Keying in on KPIs

Data analytics isn’t only for large health systems. Small and midsize practices, too, must measure performance to ensure they are operating at peak effectiveness and efficiency.

St. Claire Regional Medical Center in Morehead, Kentucky, and Consolidated Health Services in Cincinnati both track key performance indicators (KPIs), for instance, though each takes a slightly different approach.

“The titles of the KPIs explain why we use them,” said Leigh Anne Stiltner, St. Claire Regional’s director of patient financial services, who detailed the list of KPIs the medical group regularly tracks:

  • Registration error rate
  • Upfront collections
  • Discharged not final billed (DNFB)
  • DNFB > than 30 days
  • Insurance verification rate
  • Pre-registration rate
  • Scheduled and cancelled visits
  • Record completion
  • Unbilled accounts receivable (AR)
  • Days in AR
  • Percent of AR > than 90 days
  • Credit balances
  • Underpayments identified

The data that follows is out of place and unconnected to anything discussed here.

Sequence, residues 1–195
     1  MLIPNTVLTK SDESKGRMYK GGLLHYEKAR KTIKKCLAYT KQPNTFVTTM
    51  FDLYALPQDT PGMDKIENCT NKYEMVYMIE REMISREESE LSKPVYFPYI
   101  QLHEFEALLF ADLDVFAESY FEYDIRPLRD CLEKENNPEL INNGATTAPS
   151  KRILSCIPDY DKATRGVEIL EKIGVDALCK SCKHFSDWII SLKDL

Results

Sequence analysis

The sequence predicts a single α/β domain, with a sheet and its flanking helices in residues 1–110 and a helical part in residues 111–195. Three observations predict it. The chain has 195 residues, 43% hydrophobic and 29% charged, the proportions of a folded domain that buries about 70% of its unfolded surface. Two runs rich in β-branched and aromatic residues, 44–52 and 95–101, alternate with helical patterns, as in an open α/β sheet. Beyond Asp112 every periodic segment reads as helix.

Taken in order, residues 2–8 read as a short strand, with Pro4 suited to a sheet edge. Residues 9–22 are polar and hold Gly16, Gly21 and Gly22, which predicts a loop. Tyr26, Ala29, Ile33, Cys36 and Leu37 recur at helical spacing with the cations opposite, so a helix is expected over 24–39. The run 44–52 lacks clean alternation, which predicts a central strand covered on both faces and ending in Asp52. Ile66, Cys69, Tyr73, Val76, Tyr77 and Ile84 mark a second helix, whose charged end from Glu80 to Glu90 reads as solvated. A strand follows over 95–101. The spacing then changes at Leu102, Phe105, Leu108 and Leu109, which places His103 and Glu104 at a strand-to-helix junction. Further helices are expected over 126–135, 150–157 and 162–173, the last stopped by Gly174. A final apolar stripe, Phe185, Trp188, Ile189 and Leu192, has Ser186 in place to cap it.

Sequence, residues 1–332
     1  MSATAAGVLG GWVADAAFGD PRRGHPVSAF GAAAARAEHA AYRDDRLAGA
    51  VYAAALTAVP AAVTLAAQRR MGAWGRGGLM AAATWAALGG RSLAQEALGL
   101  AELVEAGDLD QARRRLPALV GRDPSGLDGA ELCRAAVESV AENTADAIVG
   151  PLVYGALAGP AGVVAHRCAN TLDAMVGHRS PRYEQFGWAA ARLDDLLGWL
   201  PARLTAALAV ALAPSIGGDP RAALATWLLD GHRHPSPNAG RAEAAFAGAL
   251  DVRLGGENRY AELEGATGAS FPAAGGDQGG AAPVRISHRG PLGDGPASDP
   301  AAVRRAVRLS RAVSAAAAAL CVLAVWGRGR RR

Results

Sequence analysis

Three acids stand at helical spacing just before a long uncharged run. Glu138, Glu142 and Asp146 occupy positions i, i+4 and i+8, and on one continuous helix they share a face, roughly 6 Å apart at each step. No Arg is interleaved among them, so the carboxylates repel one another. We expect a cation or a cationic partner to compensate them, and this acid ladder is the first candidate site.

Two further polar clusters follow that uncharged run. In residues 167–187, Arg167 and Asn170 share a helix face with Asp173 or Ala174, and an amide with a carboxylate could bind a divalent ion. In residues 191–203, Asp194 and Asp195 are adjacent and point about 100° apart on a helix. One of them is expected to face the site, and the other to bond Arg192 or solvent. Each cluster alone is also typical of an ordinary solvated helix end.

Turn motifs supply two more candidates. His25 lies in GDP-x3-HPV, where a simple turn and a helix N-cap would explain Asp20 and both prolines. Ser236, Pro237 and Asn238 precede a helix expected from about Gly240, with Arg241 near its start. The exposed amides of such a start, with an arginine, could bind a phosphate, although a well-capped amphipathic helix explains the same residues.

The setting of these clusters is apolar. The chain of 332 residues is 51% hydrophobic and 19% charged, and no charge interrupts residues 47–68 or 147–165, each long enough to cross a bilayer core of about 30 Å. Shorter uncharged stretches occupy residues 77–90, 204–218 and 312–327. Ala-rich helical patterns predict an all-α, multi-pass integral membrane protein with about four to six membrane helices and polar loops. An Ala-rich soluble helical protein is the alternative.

• Underpayments collected
  • Average daily revenue
  • Percentage of AR by payer type
  • Provider scorecards
  • Late charges
  • Self-pay conversion rate
  • Cash collection
  • Cash collection by payer
  • Uninsured adjustments
  • Charity care
  • Bad debt
  • Denial rate
  • Claim submission rate
  • Scheduled visits with no insurance listed

Consolidated Health Services in Cincinnati uses a somewhat different mix of KPIs (listed below). Joseph Ruark, director of home health/hospice revenue cycle, provided a brief explanation where the KPI title does not reasonably explain its purpose.

  • Days sales outstanding in total and by payer
  • Days sales unbilled
  • Days sales in credit balances
  • AR agings (Percentage at 90 days and 360+ days in total and by payer)
  • Cash receipts by payer
  • Adjustments as a percentage of sales
  • Cash receipts as a percentage of sales
  • Cash received on sales greater than 120 days old (An indication how effective staff is following up on aged AR)
  • Denials as a percentage of sales in total and by payer

“Analytics like KPIs enable you to make quick, smart decisions, prioritize resources, assess your financial health, and plan better for the future,” explained Kim Labow, vice president of marketing at ZirMed, a healthcare information connectivity and management solutions company.

Which KPIs do you use at your practice and how do they help you gauge financial and operational health? Add to the discussion in the Comments section below.

Keying in on KPIs

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